from The Great Debate:

Here’s what it will take for Americans to start getting pay raises

By Robert Kuttner
October 13, 2014

Demonstrators rally to raise the hourly minimum wage for fast-food workers at City Hall in Seattle

What will it really take to give America a raise?

A lot of well-credentialed policy experts have been writing nonsense about why Americans can’t be paid more.

from The Great Debate:

It’s harder to reach the American dream if you’re reaching all alone

By Robert L. Borosage
August 29, 2014

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“Hours of chaos” is how the New York Times described the work reality of more and more Americans. It highlighted Jannette Navarra, a Starbucks barrista, who is regularly forced to work part-time with fluctuating hours. She usually gets her work schedule three days ahead of the workweek, so she is always scrambling to arrange childcare for her son. Any hope Navarra has of advancing by pursuing a degree is shattered by her inability to schedule classes.

from The Great Debate:

How Uber can help the GOP gain control of the cities

By Grover G. Norquist and Patrick Gleason
July 7, 2014

Taxi drivers protest against transportation network companies such as Uber and Lyft along with Assembly Bill 2293 at the State Capitol in Sacramento, California

Republicans occupy the governor’s mansion in a majority of states and control both chambers of state legislatures where a majority of Americans live. In a country that is becoming more urban, however, Democrats have a major advantage: Their party runs most big U.S. cities. Of the 15 largest U.S. cities, only two -- San Diego and Indianapolis -- have Republican mayors, and 13 of the 15 have Democratic-controlled city councils.

from The Great Debate:

Today’s South is boldly moving backward

By Nelson Lichtenstein
June 18, 2014

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We used to call it the “New South.” That was the era after Reconstruction and before the Civil Rights laws -- when the states of the old Confederacy seemed most determined to preserve a social and economic order that encouraged low-wage industrialization as they fought to maintain Jim Crow.

from The Great Debate UK:

The Consumer Student

By Guest Contributor
April 2, 2014

--Priyamvada Gopal is a University Senior Lecturer at the Faculty of English and Fellow of Churchill College, University of Cambridge. The opinions expressed are her own.--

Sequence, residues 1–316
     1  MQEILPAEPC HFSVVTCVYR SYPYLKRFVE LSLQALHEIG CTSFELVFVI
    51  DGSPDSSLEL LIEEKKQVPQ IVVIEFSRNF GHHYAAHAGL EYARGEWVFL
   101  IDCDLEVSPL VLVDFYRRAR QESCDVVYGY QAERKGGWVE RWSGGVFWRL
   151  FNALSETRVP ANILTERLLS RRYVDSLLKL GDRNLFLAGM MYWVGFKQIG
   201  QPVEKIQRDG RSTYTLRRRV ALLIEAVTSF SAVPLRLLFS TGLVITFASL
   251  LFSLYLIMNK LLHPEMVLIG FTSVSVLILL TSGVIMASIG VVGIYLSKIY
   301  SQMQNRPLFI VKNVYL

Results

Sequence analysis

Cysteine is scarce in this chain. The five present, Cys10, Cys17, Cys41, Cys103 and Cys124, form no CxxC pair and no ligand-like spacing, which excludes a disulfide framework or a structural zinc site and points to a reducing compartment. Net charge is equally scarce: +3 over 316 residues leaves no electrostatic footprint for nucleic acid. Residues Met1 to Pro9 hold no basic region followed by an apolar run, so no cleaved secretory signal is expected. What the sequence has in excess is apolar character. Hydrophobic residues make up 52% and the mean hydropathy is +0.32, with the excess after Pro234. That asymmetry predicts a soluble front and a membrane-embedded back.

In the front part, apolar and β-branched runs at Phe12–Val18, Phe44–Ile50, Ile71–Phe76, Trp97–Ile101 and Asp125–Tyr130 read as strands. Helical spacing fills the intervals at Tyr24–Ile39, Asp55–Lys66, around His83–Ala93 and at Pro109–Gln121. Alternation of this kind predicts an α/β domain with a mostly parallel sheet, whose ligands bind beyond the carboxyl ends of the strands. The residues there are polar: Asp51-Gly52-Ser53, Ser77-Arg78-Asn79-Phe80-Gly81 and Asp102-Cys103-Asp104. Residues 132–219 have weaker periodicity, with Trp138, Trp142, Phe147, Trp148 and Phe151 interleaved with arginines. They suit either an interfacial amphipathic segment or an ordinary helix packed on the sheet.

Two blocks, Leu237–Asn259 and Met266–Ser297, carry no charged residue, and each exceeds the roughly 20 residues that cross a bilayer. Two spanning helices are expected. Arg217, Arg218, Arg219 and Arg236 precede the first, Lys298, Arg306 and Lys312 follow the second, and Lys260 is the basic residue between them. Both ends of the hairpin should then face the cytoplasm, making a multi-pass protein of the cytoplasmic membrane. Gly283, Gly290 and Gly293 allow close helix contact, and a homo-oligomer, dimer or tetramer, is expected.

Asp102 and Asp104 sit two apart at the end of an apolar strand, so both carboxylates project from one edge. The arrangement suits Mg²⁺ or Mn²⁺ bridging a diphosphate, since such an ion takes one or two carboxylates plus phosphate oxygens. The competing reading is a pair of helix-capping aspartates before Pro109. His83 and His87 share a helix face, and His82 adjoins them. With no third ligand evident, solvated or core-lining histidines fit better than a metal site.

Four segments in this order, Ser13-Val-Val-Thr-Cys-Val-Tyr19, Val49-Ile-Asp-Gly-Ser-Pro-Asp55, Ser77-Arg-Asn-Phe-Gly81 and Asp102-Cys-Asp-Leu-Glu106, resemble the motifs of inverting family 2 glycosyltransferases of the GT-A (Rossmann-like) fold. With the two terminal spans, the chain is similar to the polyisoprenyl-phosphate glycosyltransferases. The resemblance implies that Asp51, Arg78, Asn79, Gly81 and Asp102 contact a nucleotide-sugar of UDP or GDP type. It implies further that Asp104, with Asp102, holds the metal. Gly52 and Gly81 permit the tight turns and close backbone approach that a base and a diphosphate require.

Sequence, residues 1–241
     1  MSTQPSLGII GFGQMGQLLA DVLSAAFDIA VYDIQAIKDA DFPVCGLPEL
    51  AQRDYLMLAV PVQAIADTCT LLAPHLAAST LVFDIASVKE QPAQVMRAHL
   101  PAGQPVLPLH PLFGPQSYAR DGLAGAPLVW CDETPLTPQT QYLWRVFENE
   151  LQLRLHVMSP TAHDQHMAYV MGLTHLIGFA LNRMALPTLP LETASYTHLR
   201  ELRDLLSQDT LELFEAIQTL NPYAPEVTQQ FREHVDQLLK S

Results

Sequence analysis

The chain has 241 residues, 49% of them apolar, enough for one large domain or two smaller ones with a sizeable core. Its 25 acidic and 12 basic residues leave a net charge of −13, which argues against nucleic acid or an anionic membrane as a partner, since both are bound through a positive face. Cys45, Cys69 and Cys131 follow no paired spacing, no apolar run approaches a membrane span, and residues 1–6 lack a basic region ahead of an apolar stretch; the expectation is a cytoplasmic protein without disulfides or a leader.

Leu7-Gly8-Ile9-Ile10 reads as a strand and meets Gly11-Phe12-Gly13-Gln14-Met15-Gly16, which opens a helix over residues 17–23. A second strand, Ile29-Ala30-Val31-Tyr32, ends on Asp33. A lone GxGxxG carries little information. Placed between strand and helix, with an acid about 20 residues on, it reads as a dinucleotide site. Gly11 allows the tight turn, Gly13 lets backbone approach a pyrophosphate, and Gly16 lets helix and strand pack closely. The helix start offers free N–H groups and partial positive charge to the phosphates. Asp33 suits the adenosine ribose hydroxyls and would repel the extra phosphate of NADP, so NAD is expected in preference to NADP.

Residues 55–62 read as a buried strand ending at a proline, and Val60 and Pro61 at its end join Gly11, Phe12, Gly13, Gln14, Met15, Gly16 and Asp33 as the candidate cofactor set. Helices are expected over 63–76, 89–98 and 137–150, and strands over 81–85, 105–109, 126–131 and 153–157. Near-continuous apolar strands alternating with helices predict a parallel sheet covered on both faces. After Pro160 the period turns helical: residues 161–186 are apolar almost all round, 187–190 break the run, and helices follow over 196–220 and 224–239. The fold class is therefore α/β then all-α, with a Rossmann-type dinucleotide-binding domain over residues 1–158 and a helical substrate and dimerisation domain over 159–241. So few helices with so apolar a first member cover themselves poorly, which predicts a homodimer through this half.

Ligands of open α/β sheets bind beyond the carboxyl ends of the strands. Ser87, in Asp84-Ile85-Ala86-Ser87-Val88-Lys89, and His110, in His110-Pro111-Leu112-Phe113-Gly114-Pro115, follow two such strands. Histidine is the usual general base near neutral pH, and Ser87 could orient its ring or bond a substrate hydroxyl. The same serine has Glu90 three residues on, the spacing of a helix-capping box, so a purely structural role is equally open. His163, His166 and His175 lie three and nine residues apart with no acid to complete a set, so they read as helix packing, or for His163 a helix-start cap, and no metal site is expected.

from The Great Debate:

The college football assembly line

By Nelson Lichtenstein
April 2, 2014

Here’s a tale of two factories and the way the public feels about those who labor there. Nothing could be more iconic than an automobile factory where workers put in eight or more hours a day on the assembly line. The work is boring, the pace unrelenting and injuries are not uncommon, but the pay is better than working in fast food or at Wal-Mart. Volkswagen’s modern, efficient Chattanooga factory is such a place.

from The Great Debate:

FDR set the terms for labor executive orders

By Dorian T. Warren
February 26, 2014

Many critics have called President Barack Obama’s executive order raising the minimum wage for federally contracted workers an unprecedented bold action. The president bypassed a gridlocked Congress to increase pay to $10.10 an hour -- and raise labor standards for the only federal workers directly within his authority.

from The Great Debate:

Pennsylvania as the new Wisconsin in union fights

By Grover G. Norquist and Patrick Gleason
January 27, 2014

The Wisconsin state capitol was the site of massive protests in 2011 during the fight to pass Republican Governor Scott Walker’s labor reforms. The following year Big Labor staged demonstrations in Michigan against Republican Governor Rick Snyder’s right-to-work bill, which ultimately passed. Now Pennsylvania’s state capitol is set to reach fever pitch, as unions plan to bus in hundreds of protestors this week to fight legislation that, if bad for union bosses, could be a boon to rank-and-file workers.

from The Great Debate:

Why U.S. angst over Chinese buyouts is warranted

By Shihoko Goto
January 27, 2014

For some people, Jim Beam may be more American than apple pie. Yet the U.S. public took it in stride earlier this month when Suntory, a Japanese conglomerate, bought the bourbon distillery for $13.6 billion.

from The Great Debate:

Democrats: It’s the states, stupid (Part 2)

By Herman Schwartz
October 29, 2013

ILLUSTRATION: Matt Mahurin

Since the government shutdown, public opinion of the Republican Party has hit a new low. Yet the Democrats might not be able to gain from it. Despite the GOP’s fall from grace -- and even if they suffer a lower vote count in the 2014 midterm elections -- the Republicans might still control the House of Representatives and many state legislatures after the polls close.